Category Archives: Townhouse

Thinking of selling your Manhattan brownstone without a certificate of occupancy?

If you are thinking of selling your Manhattan townhouse one of the first things you should verify is your certificate of occupancy. A certificate of occupancy tells a prospective buyer what the legal use is. The challenge is that the certificate of occupancy rules came about in 1938 and many homes were built before that. As a result, you may have a building without a certificate of occupancy. Department of Buildings site  Go to the DOB site and enter the address of the property then click on certificate of occupancy link. Many properties will not have a certificate of occupancy on file. In some cases the CofO may contradict the actual use. Consult with your lawyer and architect and your real estate broker to see what would be required to modify the CofO and if it can be sold without bringing the C of O inline with the actual use.

If there isn’t a CofO on file then it may get even more complicated. Consult with your attorney/architect to see what the DOB records indicate. Sometimes, it can be confusing due to different NYC agencies classifying your Harlem townhouse as different usages. Recently, I met a homeowner who said his building was “registered” as a 4 family with the City. Upon initial research he was being taxed as a 4 family by the NYC Department of Finance but his CofO says 3 family home. If your CofO says 3 family, you have a 3 family.

As always, this blog is intended for informational purposes and not as a substitute for legal advice so please consult your attorney. Your real estate broker can normally recommend an attorney for you who specializes in real estate and hopefully can shed some light on any CofO issues that you might have. Additionally, an experienced, Manhattan townhouse broker can advise you  on what is customary as far as paper work and what would cost you money in terms of marketability.

The Author-  Brian Silvestry , a licensed real estate broker, has been selling residential and commercial real estate since 1999. He has sold in every neighborhood from Battery Park City to Washington Heights.



Understanding buyer due diligence on a Manhattan residential purchase

Once a contract is sent out, the buyer’s attorney and associates do their due diligence. What exactly happens?

The buyer in the purchase of a Manhattan condo or co-op will examine the last 2 years financials, the original offering plan, any amendments to the offering plan, board application package, house rules and may even read the minutes of the Board of Directors meetings.

When I almost purchased a co-op on the Upper east side, my CPA actually reviewed the building financials and told me that the building was losing money and my maintenance will increase over time sharply and advised me not to buy. So your attorney or even your CPA will try to steer you clear of any building with finance issues at the least.

Also when they look through the rest of the building documents they are looking for any hint of a major expense on the horizon or perhaps a troublesome neighbor. They may even send their own questionnaire to the building management. I have seen this done by one attorney.

If you were buying a townhouse, they would look at the certificate of occupancy to see if it is consistent with the current layout as well as any inspections that you may have conducted that would turn up any major potential expenses that you may incur like a roof, or mechanical systems.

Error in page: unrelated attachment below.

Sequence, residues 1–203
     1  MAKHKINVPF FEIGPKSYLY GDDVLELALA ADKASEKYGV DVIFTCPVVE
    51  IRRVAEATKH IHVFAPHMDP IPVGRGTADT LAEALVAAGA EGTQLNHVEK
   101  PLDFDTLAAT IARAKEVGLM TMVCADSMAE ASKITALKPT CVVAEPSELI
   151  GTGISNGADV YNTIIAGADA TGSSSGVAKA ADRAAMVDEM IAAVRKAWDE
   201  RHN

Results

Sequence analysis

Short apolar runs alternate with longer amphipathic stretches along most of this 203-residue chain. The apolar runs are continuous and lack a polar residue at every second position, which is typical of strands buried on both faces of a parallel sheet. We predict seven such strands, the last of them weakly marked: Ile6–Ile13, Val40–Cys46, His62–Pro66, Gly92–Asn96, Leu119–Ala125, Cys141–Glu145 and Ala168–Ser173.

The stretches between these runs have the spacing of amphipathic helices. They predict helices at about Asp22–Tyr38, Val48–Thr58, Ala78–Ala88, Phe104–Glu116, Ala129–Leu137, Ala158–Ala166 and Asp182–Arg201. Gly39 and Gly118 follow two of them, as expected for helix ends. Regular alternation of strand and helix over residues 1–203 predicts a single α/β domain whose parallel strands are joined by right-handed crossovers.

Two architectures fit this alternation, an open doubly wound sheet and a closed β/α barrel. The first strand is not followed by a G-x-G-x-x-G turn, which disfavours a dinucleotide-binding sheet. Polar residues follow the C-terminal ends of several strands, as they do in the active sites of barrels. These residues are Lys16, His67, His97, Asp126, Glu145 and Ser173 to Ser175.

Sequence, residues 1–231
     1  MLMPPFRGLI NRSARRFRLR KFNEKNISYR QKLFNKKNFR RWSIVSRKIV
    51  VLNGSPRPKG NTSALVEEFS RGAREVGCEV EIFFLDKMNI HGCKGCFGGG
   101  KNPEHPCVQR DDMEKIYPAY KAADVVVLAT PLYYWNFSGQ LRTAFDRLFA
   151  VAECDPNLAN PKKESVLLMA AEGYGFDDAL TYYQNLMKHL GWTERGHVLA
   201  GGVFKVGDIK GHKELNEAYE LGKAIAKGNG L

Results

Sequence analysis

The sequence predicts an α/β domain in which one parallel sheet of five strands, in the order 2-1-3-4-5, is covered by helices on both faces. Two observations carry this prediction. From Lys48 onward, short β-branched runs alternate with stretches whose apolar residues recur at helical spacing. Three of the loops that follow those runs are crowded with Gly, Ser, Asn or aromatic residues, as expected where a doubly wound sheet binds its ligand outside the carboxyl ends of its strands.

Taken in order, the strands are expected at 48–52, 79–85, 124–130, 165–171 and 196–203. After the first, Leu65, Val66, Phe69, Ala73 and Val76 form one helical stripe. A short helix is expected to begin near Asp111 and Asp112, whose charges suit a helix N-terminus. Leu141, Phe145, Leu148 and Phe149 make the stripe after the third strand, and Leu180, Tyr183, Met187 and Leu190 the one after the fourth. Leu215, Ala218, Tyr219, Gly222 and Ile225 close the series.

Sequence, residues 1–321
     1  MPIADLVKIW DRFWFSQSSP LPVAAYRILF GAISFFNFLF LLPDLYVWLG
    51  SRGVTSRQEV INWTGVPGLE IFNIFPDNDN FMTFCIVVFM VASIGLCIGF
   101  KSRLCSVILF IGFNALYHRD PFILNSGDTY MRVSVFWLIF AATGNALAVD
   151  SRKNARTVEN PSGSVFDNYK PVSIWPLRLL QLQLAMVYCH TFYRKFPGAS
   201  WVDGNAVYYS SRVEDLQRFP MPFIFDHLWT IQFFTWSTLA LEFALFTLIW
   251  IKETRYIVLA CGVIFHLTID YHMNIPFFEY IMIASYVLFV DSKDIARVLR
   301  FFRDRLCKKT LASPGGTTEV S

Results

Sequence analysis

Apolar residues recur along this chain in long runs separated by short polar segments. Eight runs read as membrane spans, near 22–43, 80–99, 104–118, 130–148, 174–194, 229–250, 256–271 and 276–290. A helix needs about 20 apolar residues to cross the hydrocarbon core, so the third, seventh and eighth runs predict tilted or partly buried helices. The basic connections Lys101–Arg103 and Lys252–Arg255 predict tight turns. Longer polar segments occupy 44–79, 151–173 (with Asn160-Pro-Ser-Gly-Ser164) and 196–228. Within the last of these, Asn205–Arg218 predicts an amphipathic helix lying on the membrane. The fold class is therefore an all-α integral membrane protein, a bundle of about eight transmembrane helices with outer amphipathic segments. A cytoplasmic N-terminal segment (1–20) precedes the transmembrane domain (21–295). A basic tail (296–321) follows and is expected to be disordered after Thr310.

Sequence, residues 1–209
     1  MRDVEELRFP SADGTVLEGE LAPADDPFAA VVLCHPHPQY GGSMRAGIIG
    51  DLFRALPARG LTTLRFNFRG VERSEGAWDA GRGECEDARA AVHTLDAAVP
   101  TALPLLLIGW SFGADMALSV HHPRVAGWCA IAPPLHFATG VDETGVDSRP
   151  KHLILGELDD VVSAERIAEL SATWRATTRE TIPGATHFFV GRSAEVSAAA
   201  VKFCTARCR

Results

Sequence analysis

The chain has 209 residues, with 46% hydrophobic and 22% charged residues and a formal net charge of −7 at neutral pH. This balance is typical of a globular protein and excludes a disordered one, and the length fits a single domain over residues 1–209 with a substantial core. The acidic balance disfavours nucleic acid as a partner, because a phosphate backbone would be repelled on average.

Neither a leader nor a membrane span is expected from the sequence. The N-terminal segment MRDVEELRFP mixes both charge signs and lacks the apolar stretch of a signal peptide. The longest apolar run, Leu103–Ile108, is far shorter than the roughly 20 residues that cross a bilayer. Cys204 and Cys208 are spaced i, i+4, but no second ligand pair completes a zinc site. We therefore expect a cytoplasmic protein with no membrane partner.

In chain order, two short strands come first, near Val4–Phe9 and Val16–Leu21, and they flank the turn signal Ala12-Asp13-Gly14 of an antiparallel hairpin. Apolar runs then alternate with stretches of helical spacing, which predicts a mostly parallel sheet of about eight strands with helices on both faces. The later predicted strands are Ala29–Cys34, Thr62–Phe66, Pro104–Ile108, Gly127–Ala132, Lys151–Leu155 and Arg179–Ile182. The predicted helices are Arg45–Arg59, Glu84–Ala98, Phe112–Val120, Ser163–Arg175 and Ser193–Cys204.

During this period of time, they will review the contract sent by the seller’s attorney and will also make comments or add a rider to the contract to best protect your interests.

Typically, the due diligence period will take about a week or so, and once completed the lawyer will give their approval/advice to you as the buyer so that you may sign.

The Author-  Brian Silvestry , a licensed real estate broker, has been selling residential and commercial real estate since 1999. He has sold in every Manhattan market from Battery Park City to Washington Heights.

Harlem townhouse sets new price record

A Hamilton Heights home at 72 Hamilton Terrace has set a new sales record above 125th street, with it’s sale at $5.1 million. The home was nearly destroyed by a fire 10 years and was bought by an investor who has experience renovating and reselling homes on Hamilton Terrace and in this area. A complete renovation was undertaken and the home has now closed and broken the $5 million mark.

The renovated home on the corner of Hamilton terrace and West 144th street in Hamilton Heights sold for $5.1 million establishing a new record.

The Real Deal coverage

The Author-  Brian Silvestry , a licensed real estate broker, has been selling residential and commercial real estate since 1999. He has sold in every Manhattan market from Battery Park City to Washington Heights.


Thinking of selling your Harlem SRO townhouse?

SROs or single room occupancies have a wide range of value in Harlem.  SROs are typically set up as rooming houses where there might be several rooms per floor with a common bathroom or kitchen. The most valuable SRO will have a certificate of no harassment and be delivered vacant. The least valuable will have non-paying tenants and be delivered without the CONH. What is a CONH and why would having it add at least $100k to the value of your SRO?

A CONH is granted after an investigation or look back by NYC’s Housing Preservation and Development of approximately 3 years. They are looking at your history of tenants to see if any tenants were forced out or harassed. Some of the questions on the application ask if you have had a discontinuation of service like heat, hot water or electricity, a potential sign that the tenants might have left due to poor living conditions. It takes approximately 7 months according to reps at HPD to get a CONH assuming the application is in order. You can have an experienced lawyer do this for you and they will charge $3k-$5k depending on how complicated the case is. So if you have some advance notice you might want to apply for this prior to putting your house on the market. If you are a DIY’er then you can fill in the application yourself and can visit the HPD during the week between 9-11am with your walk in questions. Make sure your property is registered with HPD. The CONH is valuable because the purchaser of your property will not be granted building permits to alter the SRO without a CONH. Also, while it may be difficult for you to come up with the names of all the tenants who lived in the property, it is impossible for the buyer so in some cases they may even just decide to sit on the house for 3 years before applying for the CONH. For that, they will expect a severe discount.